In Los Angeles, a city infamous for its congested highways, the corona outbreak has led to a rare sight for those living in the area: empty highways. Even during rush hour, highways have been traffic free.
While this might sound like good news for those LA drivers still needing to commute around the city, an article in the LA Times says that the California Highway Patrol (CHP) have serious concerns about the increase in speeding on highways as a result of the decrease of traffic.
"[CHP Officer Salvador Castro] urged people to slow down, keep a greater distance between cars on rainy roads, and to not stop along freeway shoulders where traffic passing at higher speeds poses a greater danger to a parked car or a pedestrian."
As mentioned in earlier post on the AlertDriving blog, road safety organizations around the world are urging drivers to be drive as safely as possible during the pandemic. Traffic collisions requiring medical assistance will only add to overburdened hospitals struggling to meet the increase in demand for care.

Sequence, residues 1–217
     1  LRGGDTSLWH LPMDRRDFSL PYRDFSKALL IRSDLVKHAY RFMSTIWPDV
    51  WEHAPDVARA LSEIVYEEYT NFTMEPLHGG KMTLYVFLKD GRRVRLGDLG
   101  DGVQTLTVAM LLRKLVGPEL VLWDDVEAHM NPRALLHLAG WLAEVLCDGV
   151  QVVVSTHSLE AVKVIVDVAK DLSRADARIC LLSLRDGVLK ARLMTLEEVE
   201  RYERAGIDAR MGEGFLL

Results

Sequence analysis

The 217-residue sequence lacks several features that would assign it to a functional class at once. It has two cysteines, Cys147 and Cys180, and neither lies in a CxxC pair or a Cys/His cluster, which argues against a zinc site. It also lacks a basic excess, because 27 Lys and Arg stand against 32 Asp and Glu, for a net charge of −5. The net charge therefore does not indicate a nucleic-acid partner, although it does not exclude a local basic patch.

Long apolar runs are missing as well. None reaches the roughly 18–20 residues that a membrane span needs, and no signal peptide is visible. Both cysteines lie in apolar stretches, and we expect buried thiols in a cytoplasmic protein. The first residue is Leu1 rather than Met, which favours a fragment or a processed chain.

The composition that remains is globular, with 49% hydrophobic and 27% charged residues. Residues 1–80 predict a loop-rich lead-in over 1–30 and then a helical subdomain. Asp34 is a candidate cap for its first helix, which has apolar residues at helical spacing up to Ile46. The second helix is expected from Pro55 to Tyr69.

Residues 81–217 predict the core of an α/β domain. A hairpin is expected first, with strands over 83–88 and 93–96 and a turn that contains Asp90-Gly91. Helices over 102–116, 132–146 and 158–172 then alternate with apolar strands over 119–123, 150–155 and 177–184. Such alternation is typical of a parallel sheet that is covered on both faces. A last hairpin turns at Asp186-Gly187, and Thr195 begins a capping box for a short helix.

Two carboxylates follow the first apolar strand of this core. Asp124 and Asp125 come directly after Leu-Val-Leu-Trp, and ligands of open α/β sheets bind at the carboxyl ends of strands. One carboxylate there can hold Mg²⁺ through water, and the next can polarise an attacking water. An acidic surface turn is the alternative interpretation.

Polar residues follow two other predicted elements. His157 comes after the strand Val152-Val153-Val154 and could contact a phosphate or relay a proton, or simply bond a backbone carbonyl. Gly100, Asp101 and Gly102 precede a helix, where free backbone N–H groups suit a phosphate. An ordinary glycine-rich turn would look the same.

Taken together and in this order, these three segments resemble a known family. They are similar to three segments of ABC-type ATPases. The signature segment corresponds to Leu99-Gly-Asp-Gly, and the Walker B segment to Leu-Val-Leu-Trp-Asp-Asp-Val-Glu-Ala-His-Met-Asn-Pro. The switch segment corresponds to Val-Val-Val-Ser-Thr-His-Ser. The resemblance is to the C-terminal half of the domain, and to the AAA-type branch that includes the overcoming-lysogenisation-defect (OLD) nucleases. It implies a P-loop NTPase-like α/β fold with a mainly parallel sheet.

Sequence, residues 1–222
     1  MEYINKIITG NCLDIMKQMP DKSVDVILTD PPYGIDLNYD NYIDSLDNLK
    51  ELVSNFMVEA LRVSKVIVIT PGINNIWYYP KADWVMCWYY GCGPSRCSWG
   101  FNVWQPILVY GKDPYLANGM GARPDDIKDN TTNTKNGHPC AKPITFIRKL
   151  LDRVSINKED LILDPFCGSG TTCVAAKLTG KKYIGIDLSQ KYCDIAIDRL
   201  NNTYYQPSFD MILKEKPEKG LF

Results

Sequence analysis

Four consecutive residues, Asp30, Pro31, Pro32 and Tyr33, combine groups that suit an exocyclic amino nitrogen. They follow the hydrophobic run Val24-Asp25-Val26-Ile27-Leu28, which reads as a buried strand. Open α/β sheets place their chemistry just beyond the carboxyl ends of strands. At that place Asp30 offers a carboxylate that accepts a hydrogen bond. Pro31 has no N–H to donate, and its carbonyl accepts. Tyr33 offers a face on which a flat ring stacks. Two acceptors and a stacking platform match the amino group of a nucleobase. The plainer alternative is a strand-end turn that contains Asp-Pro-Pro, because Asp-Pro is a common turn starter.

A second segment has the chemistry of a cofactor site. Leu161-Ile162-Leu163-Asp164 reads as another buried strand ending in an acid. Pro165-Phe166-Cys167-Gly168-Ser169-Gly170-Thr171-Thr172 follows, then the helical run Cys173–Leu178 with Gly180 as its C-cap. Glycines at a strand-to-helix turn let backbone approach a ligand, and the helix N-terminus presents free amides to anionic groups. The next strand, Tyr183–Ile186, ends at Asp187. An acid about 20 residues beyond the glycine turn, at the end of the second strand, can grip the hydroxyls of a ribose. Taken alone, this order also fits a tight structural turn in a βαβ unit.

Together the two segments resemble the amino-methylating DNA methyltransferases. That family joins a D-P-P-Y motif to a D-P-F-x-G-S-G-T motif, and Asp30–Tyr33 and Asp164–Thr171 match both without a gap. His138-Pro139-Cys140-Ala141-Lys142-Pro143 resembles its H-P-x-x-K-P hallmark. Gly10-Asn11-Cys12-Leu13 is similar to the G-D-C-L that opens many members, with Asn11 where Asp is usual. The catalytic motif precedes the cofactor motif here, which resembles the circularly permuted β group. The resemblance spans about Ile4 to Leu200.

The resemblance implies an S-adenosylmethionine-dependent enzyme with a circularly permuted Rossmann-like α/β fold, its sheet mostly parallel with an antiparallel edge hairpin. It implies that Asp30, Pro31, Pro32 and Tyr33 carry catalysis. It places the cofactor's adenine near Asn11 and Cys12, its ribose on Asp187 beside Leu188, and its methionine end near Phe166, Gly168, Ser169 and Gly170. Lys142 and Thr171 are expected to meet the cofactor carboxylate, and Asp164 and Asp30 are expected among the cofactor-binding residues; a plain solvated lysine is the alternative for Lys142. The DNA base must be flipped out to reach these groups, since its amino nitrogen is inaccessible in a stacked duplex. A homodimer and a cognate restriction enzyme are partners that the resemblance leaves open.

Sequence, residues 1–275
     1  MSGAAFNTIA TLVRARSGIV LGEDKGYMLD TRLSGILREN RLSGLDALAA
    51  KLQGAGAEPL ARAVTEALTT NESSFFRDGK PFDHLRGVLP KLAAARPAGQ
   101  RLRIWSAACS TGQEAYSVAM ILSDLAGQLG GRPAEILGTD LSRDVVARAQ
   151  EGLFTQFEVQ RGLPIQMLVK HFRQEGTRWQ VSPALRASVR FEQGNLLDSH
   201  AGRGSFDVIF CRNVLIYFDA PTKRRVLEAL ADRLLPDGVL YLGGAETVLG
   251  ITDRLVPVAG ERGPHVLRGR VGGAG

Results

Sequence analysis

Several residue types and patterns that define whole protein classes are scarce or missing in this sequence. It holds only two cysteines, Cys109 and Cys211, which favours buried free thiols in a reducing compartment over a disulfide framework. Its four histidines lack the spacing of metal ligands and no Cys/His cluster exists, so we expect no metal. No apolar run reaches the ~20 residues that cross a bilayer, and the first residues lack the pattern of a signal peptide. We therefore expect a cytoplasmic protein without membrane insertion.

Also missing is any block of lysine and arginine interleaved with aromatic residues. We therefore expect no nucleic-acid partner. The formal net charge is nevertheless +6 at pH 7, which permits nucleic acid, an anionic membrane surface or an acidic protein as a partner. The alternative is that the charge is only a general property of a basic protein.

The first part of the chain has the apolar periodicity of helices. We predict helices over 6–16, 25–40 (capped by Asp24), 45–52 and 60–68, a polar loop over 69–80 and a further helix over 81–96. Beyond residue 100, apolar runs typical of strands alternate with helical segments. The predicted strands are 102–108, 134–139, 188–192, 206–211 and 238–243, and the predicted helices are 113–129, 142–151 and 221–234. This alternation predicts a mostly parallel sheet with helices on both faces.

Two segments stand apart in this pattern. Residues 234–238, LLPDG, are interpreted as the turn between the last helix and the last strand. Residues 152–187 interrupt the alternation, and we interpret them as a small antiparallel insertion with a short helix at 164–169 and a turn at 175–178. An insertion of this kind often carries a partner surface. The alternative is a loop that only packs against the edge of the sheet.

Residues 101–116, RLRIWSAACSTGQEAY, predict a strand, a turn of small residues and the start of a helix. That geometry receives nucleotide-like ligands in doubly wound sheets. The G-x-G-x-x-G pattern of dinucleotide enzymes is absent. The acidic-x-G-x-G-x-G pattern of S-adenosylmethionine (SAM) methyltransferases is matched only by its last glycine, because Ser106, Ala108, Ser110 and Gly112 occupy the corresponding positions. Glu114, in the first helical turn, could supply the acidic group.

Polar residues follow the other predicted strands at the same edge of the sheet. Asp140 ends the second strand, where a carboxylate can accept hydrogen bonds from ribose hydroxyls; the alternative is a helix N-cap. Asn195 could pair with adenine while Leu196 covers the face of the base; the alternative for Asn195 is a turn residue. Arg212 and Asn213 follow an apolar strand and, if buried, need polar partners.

In LA, where CHP has seen an increase in speeding drivers, there have already been numerous accidents directly caused by excessive speeding. And, as another officer points out, collisions caused by speeding tend to be more severe, almost always requiring medical response. A fender bender in a parking lot might not land you in the ER, but a collision at high speed almost certainly will.
Countless research has shown that increasing your speed increases your risk. While the lack of congestion may make the roads feel much safer, collisions can still happen at any time for any reason and the difference of even 10 km/h can be huge.
The best practice in this unprecedented situation is increased caution. Slowing down on an open highway may feel counterintuitive, but it's the right thing to do. For those of who are safe and healthy, the best thing we can do for others is be intentional in our behaviour.
For more on the situation in Los Angeles, check out the original article in the LA Times by Anh Do, Matthew Ormseth, and Pauline Repard.